this is a discussion within the Saints Community Forum; Saints 2007: Gotta Believe There's never been a season in Saints history that's provided this much hope Brady Aymond email@example.com Hope is a dangerous thing. Hope can drive a man insane. Morgan Freeman's character spoke those words in the movie ...
||LinkBack||Thread Tools||Display Modes|
|09-06-2007, 10:42 AM||#1|
Join Date: Dec 2005
Blog Entries: 39
Saints 2007: Gotta Believe
Saints 2007: Gotta Believe
There's never been a season in Saints history that's provided this much hope
Hope is a dangerous thing. Hope can drive a man insane. Morgan Freeman's character spoke those words in the movie Shawshank Redemption. And New Orleans Saints fans can relate
Since the birth of the franchise in 1967, the start of every season has been filled with hope. And as the Saints enter their 41st season tonight in Indianapolis, once again, hope springs eternal. But there's a difference this time.
There's a bit of reality to this hope thing.
The devastation caused by Hurricane Katrina on Aug. 29, 2005, still resonates throughout the city of New Orleans and the Gulf Coast.
Houses remain flattened. Trash remains piled on street corners.
Slowly, surely, though, the city is coming back. But the beginning was ominous at best.
As bad as Katrina was, it was coupled with a 3-13 season by the Saints.
The one thing that had always given the city of New Orleans and the state of Louisiana hope was caught in its own storm.
"There just wasn't a lot of excitement," said Chad Schexnayder, a lifelong resident of New Orleans and UL graduate. "Everybody wanted to bolt, nobody wanted to be in New Orleans anymore. The team was talking about leaving. Players on the team hated each other. The people in New Orleans were stressed.
"There was nothing positive to look to for any kind of inspiration."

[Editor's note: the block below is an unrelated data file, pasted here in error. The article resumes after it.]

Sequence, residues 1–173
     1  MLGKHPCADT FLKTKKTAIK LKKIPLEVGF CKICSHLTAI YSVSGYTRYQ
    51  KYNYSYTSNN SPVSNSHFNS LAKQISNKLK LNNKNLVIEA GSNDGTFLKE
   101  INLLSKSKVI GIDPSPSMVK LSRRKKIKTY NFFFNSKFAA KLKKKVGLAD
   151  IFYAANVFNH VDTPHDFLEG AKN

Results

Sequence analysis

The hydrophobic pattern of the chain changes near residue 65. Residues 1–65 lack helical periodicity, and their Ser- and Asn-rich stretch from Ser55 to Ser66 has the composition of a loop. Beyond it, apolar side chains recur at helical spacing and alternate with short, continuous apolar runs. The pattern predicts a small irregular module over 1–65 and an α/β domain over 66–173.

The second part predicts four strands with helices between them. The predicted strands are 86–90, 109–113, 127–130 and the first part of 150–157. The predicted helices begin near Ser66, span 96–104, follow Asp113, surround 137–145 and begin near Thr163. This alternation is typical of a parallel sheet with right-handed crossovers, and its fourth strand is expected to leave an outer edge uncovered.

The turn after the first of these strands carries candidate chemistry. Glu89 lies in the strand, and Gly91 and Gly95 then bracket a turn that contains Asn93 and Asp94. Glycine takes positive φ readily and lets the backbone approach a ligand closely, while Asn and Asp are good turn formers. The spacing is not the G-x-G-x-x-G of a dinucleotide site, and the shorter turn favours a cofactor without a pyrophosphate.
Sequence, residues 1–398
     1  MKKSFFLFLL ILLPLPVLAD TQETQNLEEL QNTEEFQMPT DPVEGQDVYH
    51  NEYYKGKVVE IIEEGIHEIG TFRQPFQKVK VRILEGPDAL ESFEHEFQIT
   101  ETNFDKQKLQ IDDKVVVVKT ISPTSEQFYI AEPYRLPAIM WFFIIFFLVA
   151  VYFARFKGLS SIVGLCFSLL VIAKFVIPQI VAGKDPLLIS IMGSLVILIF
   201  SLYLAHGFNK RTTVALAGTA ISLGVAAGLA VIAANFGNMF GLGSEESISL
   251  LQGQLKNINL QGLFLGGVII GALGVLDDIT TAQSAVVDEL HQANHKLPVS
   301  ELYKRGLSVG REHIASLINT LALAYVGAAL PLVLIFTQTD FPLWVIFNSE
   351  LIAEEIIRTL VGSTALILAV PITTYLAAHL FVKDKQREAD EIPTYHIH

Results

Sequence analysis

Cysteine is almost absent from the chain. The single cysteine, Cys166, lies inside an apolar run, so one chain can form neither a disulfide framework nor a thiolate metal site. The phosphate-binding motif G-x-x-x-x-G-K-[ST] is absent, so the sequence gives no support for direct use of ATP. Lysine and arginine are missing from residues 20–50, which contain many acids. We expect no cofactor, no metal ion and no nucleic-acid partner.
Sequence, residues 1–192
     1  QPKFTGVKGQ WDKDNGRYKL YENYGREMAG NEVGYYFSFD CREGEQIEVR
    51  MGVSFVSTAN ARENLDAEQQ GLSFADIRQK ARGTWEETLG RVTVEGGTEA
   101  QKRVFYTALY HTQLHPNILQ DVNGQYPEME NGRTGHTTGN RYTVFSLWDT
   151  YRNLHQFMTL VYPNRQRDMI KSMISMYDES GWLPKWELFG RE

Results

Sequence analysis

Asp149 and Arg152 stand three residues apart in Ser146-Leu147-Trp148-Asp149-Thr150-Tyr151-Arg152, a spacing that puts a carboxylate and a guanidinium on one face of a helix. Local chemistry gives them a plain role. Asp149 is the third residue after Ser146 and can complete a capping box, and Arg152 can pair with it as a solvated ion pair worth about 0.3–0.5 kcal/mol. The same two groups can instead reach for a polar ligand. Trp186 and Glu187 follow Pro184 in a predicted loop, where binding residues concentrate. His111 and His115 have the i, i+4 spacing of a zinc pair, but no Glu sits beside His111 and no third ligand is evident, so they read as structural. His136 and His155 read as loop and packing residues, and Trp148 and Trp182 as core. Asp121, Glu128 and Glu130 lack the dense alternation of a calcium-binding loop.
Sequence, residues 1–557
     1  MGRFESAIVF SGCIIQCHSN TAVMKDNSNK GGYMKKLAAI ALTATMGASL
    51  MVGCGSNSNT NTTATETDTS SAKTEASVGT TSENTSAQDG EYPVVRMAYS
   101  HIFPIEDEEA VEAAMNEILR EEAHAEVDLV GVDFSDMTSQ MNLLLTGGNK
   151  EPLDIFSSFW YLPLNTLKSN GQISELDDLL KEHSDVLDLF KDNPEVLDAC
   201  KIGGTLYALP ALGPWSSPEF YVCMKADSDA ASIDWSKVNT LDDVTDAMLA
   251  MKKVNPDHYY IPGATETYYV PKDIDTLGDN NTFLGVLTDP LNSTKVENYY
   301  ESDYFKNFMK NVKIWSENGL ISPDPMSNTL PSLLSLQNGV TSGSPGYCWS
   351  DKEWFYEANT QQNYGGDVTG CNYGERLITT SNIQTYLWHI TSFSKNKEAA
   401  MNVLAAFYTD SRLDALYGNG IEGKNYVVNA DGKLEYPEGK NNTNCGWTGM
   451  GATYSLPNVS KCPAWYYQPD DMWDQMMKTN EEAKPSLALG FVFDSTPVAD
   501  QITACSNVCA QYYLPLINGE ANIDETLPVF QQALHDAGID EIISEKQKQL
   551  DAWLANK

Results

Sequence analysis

And then came 2006. The Saints made wholesale changes, hoping to turn things around and give a city, a region and a state some hope. And the foundation for change began when Sean Payton was brought in to take over as head coach.
Payton promptly took a chance on Drew Brees, who was coming off shoulder surgery and on the verge of being benched in San Diego. The Saints then grabbed Heisman Trophy winner Reggie Bush from USC with the second pick in the NFL draft.
Hope was returning to the Crescent City.
But for all the excitement, the new regime's start matched the recovery from Katrina - slow. The Saints went just 1-3 in the preseason.
When the games started to count, though, they got hot.
Back-to-back road wins over Cleveland and Green Bay gave the Saints a 2-0 start heading into their return to the Superdome for Monday Night Football against Atlanta.
"If I never go to another Saints game again, my life is complete," Baldwin's Marilyn Burgess said of the Sept. 25 home opener last season. "That was, without a doubt, the most emotional game I've ever been a part of."
The Saints thoroughly dominated the Falcons and star quarterback Michael Vick, 23-3, before a national audience.
Outside the Superdome, the city was still in shambles, but inside the recovery had begun.
"You couldn't have asked for a better start," Schexnayder said. "It's a big mental thing for the city. If the Saints are doing good, you have something to be proud of. You may not be proud of your local government or your state government or FEMA, but you have something to be proud of every Monday.
"It's just something about the Saints. It doesn't matter if you're an LSU fan and you hate Tulane, or you're a Tulane fan and you hate LSU. You put them in the 'Dome and they're all cheering for the Saints. It's something that brings the city together, black/white, Tulane/LSU, Jesuit/Holy Cross. It doesn't matter on Sundays."